Kenya + 2 more

Emergency Fund - a shortcut to aid

When disasters occur, there is a need for a rapid response to help the victims - a response that requires special expertise and flexibility of the aid organisations. To ensure the correct action in the shortest possible time, the Danish Refugee Council has established an Emergency Fund. Already within the first year, the fund has been in use three times.

When the floods swept down over Pakistan in late summer 2010, millions of people were affected and in need of relief. The pictures from the floods went worldwide and left no one in doubt of the need for assistance to victims of the disaster. By using its own means from the Emergency Fund, the Danish Refugee Council was able to provide support in the aftermath of the monsoon in Pakistan.

"The Emergency Fund has ensured a quick Danish response in several disasters, both those who have received media attention and others that have occurred in isolated areas and without attention," says Ann Mary Olsen, head of the International Department of the Danish Refugee Council.

The Emergency Fund was established by the Danish Refugee Council in April 2010 with the aim of creating a shortcut to rapid responses - without the traditional and often time-consuming processing of applications for funds from external donors. Along with the Emergency Fund, a team of experts has been formed enabling the Danish refugee Council to respond in crisis and disaster situations with both financial and human resources.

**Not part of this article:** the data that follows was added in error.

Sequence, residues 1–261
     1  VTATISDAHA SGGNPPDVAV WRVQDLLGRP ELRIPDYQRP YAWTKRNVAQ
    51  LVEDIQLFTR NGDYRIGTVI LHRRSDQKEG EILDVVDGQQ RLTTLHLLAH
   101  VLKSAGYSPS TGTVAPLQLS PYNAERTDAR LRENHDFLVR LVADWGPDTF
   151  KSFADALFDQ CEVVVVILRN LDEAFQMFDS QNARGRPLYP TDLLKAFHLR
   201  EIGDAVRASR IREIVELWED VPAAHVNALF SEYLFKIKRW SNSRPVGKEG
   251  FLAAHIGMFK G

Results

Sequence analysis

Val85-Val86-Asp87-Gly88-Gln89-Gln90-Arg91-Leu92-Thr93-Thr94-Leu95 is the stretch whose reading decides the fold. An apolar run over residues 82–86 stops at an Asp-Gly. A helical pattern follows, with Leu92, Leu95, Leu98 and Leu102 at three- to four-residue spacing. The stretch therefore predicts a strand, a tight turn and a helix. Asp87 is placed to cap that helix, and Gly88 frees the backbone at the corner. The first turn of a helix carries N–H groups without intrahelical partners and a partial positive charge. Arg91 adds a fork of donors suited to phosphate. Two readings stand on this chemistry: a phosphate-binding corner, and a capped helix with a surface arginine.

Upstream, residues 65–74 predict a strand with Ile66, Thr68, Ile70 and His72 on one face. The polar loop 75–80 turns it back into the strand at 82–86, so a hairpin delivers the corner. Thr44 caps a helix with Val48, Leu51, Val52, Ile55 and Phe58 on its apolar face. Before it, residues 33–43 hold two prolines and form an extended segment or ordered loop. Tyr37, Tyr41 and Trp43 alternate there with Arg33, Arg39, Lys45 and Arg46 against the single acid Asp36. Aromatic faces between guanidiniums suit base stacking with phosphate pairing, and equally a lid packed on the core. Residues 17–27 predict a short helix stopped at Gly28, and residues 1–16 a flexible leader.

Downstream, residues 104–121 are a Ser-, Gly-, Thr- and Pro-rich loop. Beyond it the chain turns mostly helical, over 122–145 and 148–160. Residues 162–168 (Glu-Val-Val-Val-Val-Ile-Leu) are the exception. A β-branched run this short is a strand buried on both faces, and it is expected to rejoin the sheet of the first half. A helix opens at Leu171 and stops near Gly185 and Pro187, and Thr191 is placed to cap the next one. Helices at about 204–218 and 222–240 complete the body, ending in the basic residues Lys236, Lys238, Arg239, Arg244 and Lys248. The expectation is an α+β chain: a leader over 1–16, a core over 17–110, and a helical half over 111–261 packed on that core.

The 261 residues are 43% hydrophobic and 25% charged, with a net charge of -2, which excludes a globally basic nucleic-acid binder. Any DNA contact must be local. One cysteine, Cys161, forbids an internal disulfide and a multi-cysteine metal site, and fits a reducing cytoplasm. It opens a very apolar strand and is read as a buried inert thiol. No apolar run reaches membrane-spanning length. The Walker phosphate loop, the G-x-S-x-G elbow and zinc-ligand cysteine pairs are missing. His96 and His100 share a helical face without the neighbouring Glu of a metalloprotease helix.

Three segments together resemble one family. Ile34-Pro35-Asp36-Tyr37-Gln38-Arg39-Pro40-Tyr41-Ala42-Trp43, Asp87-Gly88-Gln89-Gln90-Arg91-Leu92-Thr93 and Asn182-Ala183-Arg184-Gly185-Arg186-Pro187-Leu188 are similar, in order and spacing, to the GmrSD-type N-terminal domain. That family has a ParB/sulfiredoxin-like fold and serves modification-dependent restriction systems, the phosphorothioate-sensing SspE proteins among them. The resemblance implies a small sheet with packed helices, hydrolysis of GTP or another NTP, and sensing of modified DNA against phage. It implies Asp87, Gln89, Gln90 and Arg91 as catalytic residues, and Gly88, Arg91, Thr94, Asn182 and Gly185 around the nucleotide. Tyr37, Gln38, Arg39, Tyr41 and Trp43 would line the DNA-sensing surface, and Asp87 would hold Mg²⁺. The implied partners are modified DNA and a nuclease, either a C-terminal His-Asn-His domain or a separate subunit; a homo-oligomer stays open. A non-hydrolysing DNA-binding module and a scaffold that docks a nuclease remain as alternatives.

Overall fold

Already within its first year of existence, the Emergency Fund has been in use three times. Besides assistance to Pakistan, means have been allocated for relief to Somali refugees in the world's largest refugee camp Dadaab in Kenya, and again after ethnic riots this summer in Kyrgyzstan.

The Emergency Fund has facilitated short term interventions, but has also enabled the Danish Refugee Council in gaining foothold in areas where there was a need for more extensive assistance.

Kyrgyzstan is one of the examples of the latter. Shortly after the establishment of the fund, emergency interventions were needed for refugees and displaced people in southern Kyrgyzstan, where villages were burned and riots had forced ethnic minorities to flee. The Emergency Fund made it possible for the Danish Refugee Council to respond at short notice positioning the organisation to play a central role in cooperation with the UN in the reconstruction of about 1,700 houses.

Means for the Emergency Fund mainly come from private donations in Denmark. When emergencies occur, the Danish Refugee Council can further draw on flexible funds available from Danida and from Sida, the Swedish International Development Cooperation Agency.